While these posts are part of a celebration of LGBT History Month, Watchmen‘s problems go beyond just sexual minorities, and I’ll also be covering gender and racial minorities in this part.
As a great story, Watchmen must be able to reach across all types of people and become a universal story. A universal story is enjoyable no matter who you are and no matter if you physically or emotionally resemble the characters. Watchmen, however, falls short from being a universal story as Alan Moore and David Gibbons normalize women, racial minorities, and sexual minorities through marginalization.
Moore notes that he wanted control over his own characters for Watchmen so he could destroy or kill them without blighting the beloved DC Universe. This is important because Moore’s making a mockery of the perfect superhero, who has no flaws, by making his heroes murder and rape victims, become alcoholics, go crazy, etc., and he gives only one of them actual superpowers. Most of them are no stronger, faster, etc. than you or I. This meta text is credited with moving superhero comics into darker realms of human experience than they’d ever been before. Moore and Gibbons craftly uses the backdrop of the Cold War and millennial panic to show how everyone, regardless of superpowers, gender, race, or sexual orientation, is affected by life. Continue reading “Queer Comic Book Characters: Normalization Through Marginalization in Watchmen (Oct 6th) 2 of 3”
Alan Moore and Dave Gibbons’ Watchmen is without a doubt one of the most celebrated comics ever created. Published in 1986-87, they took archetypes of classic Charlton Comics’ characters, gave them flaws, and put them in a dystopian alternative universe where the United States won the Vietnam War; Nixon’s still president for several terms; nuclear war with the U.S.S.R. seems imminent.
While Watchmen mostly focuses on the second superhero team, the Crimebusters, it features flashbacks to their predecessors, the Minutemen. The Minutemen had three notable LGBT characters: Ursula Zandt (Silhouette), The Hooded Justice, and Nelson Gardner (Captain Metropolis). Sadly, all three have been murdered before the story ever begins. This is problematic given the history of LGBT characters being killed off, and I will go further into this in Part 2 of 3.
The D.C. Comic’s PR machine certainly hyped the new Batwoman, specifically the fact that Kate Kane is a lesbian. Before Kate made her first appearance in 52 #7, everyone had an opinion on this lipstick lesbian who was fighting crime in high heels and a cape. However, unlike many who brushed Kate off as a publicity stunt, I’d actually read Greg Rucka’s writing before and trusted him to created a solid background for Kate. For better or worse, 52 was the first DC book I really picked up on my weekly pull list.
Kate Kane, aka Batwoman
Like her male counterpart, Kate comes from a wealthy family and is a socialite. It’s revealed that she’s the ex-girlfriend (in something of an off-and-on again relationship) with detective-turned-superhero Renee Montoya. However, Renee is not the reason that Kate takes up the cowl. Continue reading “Queer Comic Book Characters: Batwoman (Oct 4th)”
Okay, this is almost cheating. However, Marvel went and immortalized Tim Gunn in comic book form. And that was the only reason I picked up Models Inc. #1.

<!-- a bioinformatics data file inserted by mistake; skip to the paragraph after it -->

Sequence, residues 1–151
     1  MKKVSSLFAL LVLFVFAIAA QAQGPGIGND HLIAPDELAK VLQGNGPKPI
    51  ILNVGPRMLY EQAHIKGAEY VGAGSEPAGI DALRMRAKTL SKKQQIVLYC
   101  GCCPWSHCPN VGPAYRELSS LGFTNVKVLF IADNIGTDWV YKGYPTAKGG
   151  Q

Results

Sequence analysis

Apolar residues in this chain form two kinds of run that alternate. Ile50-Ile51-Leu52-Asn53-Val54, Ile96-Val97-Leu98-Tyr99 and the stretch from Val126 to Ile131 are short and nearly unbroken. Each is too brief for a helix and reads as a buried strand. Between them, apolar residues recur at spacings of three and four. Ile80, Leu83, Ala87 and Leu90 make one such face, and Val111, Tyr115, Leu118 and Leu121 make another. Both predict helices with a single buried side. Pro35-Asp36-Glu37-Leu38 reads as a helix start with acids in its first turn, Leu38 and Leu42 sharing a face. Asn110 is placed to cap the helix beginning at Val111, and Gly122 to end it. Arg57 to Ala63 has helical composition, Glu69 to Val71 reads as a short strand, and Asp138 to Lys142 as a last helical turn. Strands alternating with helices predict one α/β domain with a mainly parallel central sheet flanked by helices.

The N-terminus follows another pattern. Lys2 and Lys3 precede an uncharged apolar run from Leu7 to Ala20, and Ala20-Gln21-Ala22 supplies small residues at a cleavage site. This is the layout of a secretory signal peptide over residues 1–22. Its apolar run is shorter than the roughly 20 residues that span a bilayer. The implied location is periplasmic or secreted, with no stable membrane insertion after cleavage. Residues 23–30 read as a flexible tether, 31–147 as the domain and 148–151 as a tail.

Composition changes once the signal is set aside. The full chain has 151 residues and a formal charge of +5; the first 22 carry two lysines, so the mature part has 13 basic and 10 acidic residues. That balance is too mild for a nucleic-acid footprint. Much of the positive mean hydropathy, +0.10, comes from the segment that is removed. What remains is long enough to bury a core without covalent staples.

Tim Gunn is most famous for being the mentor on Project Runway, which is where I fell in love with him. He’s truly an amazing mentor to those contestants and the women seeking fashion advice on his other show, Tim Gunn’s Guide to Style. Tim’s also famous for revolutionizing the curriculum at Parsons: The New School for Design in New York City. Tim is openly gay, and one of the most respected voices in fashion.
My review of Tim Gunn’s only comic: Models Inc. #1 by Paul Tobin. Continue reading “Queer Comic Book Characters: Tim Gunn (Oct 3rd)”
Karolina Dean once named herself Lucy in the Sky as her powers include flying via solar energy, which she emits in a colorful (and dangerous, if needed) rainbow blasts. She’s also the hippie child and vegetarian of the Runaways. Oh, yeah, she’s also a lesbian.
Created by Brian K. Vaughn in Marvel’s Runaways Volume 1 #1, Karolina is part of group of teens, who realize their parents are super villains. They runaway and find out that they all have some sort of superpower. Karolina discovers she’s an alien, specifically a Majesdanian. Continue reading “Queer Comic Book Characters: Karolina Dean (Oct 2nd)”
October is LGBTQ History Month, and back when I was in college, the LGBTQA group I led did a calendar project which featured one famous queer person per day. My favorite parts of this project was when people would be shocked to find out that one of their beloved celebrities was gay. (Don’t worry, we also included mathematicians, writers, politicians, and more for some variety.) I thought I’d take this time to talk about some of my favorite queer comic book characters.
Starting out with my second favorite comic book character (after She-Hulk, of course):
Created by Warren Ellis, Midnighter first appeared in Wildstorm’s Stormwatch Vol 2 #4. Midnighter is a genetically-engineered superhero, who has super healing; implants in his brain which let him predict an opponent’s fighting moves before the battle starts; and other enhancements such as an axillary heart. In other words, he’s the muscle and kills lots of super villains as part of the Authority. Continue reading “Queer Comic Book Characters: Midnighter (Oct 1st)”